An important finding provided by Jozwiak et al. (Table S2) [1] which deserves special consideration is related to the high ICU and overall mortality rates in the 18 patients with initially only RV dilation (i.e. 44% and 56%, respectively) which were considerably higher than those revealed by the 28 patients with initially only signs for RV dysfunction (TAPSE and FAC reduction, without RV dilation) and the small group (5 patients) with both RV dilation and dysfunction (i.e. 18% and 25%, respectively, and 0% and 20%, respectively). This appears at first sight not in line with the fact that RV dilation alone is not a direct cause of death, and also not with the highly plausible finding in the study, that only combined RV dilation and dysfunction were independently associated with a significant increase in mortality risk. However, given the high incidence of extensive pulmonary thrombotic microangiopathy associated with severe ventilation-perfusion mismatch, increased resistance to pulmonary blood flow, and frequent afterload-induced acute RV failure (which were also identified as distinct features of severe COVID-19-related ARDS) [3,4,5], the emergence and progression of RV dilation which was consistently reported during the pandemic as an important early sign for potential future life-threatening deteriorations of pulmonary circulation associated with RV pressure overloading-induced RV failure, needs particular consideration [3, 5]. In patients without pre-existing cardiac diseases, a reduction of TAPSE and/or FAC without RV dilation in the presence of a RV pressure overloading indicates the existence of RV systolic dysfunction which is still able to prevent RV-pulmonary arterial uncoupling associated with the development of RV failure. The high mortality rates found by Jozwiak et al. in patients with initially only RV dilation could indicate that early dilation, before emergence of relevant RV systolic dysfunction, may reflect a lower RV adaptability of to acute pressure overloading. Thus isolated progressive RV dilation can be an important early prognostic sign, able to facilitate the timely identification of high-risk patients. Therefore, monitoring of the RV size and both emergence and progression of TR by TTE deserve particular attention in COVID-19-related ARDS.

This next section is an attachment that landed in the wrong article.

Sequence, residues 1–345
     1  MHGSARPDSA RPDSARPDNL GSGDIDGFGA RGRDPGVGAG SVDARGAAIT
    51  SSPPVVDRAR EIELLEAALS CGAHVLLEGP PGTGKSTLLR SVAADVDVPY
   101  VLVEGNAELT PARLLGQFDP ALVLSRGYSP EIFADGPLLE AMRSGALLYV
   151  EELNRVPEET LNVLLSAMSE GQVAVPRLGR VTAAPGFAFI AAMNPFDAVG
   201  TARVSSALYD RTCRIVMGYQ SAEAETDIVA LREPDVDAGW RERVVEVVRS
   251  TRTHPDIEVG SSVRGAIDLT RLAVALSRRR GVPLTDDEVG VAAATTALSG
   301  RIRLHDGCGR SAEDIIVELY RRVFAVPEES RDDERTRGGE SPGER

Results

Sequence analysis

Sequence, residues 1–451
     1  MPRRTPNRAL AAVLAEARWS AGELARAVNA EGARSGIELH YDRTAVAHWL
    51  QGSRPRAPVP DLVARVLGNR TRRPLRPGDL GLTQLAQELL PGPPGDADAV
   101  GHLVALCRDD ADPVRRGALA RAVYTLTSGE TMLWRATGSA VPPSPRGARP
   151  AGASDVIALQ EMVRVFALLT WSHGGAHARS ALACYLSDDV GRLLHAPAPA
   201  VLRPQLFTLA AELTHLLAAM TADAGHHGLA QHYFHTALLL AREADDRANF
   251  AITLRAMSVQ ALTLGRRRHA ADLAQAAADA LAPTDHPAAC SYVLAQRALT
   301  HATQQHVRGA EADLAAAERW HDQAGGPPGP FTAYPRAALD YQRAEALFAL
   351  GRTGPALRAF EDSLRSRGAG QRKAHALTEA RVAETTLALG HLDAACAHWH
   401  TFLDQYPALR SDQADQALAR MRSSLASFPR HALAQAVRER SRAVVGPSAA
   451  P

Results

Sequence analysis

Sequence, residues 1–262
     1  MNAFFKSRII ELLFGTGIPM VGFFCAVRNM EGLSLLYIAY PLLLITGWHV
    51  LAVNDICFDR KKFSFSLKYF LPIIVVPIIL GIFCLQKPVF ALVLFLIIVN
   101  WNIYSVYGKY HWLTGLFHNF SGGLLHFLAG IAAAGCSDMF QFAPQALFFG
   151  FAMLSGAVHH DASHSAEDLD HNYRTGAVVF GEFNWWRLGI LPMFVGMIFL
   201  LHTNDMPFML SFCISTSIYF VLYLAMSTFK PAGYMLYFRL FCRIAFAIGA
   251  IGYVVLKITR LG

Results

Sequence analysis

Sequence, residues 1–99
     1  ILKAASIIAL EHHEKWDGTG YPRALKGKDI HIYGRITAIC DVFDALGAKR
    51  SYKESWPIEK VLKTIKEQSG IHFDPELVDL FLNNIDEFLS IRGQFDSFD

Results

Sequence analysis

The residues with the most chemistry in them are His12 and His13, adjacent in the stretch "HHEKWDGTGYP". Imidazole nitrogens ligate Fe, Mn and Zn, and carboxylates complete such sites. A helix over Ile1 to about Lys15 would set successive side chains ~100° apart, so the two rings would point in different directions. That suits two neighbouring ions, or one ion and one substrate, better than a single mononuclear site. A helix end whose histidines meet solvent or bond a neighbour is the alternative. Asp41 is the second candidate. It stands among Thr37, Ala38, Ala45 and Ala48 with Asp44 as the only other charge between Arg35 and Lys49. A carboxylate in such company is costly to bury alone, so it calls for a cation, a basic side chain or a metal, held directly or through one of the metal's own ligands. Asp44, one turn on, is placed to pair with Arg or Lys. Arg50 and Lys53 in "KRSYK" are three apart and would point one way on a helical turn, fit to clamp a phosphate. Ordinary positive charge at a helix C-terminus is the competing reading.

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  1. Jozwiak M, Dupuis C, Denormandie P, et al. Right ventricular injury in critically ill patients with COVID-19: a descriptive study with standardized echocardiographic follow-up. Ann Intensive Care. 2024;14(1):14.

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  2. Kirkpatrick JN, Mitchell C, Taub C, et al. ASE Statement on Protection of patients and Echocardiography Service Providers during the 2019 Novel Coronavirus Outbreak: endorsed by the American College of Cardiology. J Am Soc Echocardiogr. 2020;33(6):648–53.

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Correspondence to Michael Dandel.

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The Letter aimed at commenting the article: “Right ventricular injury in critically ill patients with COVID-19: a descriptive study with standardized echocardiographic follow-up” by Jozwiak M, Dupuis C, Denormandie P, et al. Ann Intensive Care. 2024 Jan 23;14(1):14

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Dandel, M. Assessment of COVID-19-related right ventricular morphological and functional alterations and evaluation of their impact on the course of the disease. Ann. Intensive Care 14, 39 (2024).